The Township of Bridgewater, NJ recently settled a lawsuit filed by a local Muslim congregation – the Al Falah Center – for $7.75 million. The lawsuit alleged that the Township’s expeditious passage of a new land use ordinance which effectively barred the Center from converting a former 15,500 sq. foot banquet into a mosque violated the federal Religious Land Use and Institutionalized Persons Act (“RLUIPA”).
In October 2010, the Center signed a contract to purchase a former Red Roof Inn with the intent of converting it into a mosque. A prior Township traffic study concluded that the proposed conversion would not increase traffic. And in March 2011, the Summit County Planning Board found that the conversion raised minimal traffic issues and it conditioned approval of Al Falah’s land use application on installation of a new traffic light paid for by the Center.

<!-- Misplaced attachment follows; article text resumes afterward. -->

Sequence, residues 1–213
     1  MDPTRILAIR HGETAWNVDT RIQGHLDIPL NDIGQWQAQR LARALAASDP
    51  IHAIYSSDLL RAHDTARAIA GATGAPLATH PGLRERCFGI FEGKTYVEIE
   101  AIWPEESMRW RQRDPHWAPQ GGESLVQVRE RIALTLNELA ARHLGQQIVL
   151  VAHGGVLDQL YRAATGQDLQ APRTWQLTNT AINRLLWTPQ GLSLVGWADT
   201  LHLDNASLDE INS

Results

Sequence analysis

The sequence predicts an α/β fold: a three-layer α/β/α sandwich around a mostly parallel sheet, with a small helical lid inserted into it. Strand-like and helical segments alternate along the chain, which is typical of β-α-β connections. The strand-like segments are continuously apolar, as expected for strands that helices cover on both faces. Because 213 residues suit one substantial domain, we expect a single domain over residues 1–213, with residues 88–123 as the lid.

But six days after the County issued its finding and shortly before a new state law favorable to the Center’s land use application went into effect, the Township adopted a new land use ordinance that effectively barred Al Falah from using the property for a mosque. Interestingly, the same ordinance did not affect the operation of the other seventeen existing houses of worship within the Township, none of which are mosques.
A federal district court found that the Township’s actions likely violated RLUIPA, as well as denied Bridgewater’s motion for summary judgment. The Township appealed this decision to the U.S. Court of Appeals for the Third Circuit.
The Interfaith Coalition on Mosques (“ICOM”), which is sponsored by ADL, filed a friend-of-the court (amicus) brief with the Third Circuit in support of the Center. However, the case settled during the pendency of the appeal.
Under the settlement terms, the Center will not build a mosque on the Red Roof Inn property. But the Township will pay $2.75 million to buy an alternative 15-acre property for the Center and Bridgewater’s insurance carrier will pay Al Falah another $5 million for alleged damages and attorney’s fees.
The legal settlement is not an admission of liability or discrimination. But perhaps it has taught the Township and others municipalities an expensive and vital lesson: religious freedom in America is for all faiths, not just some.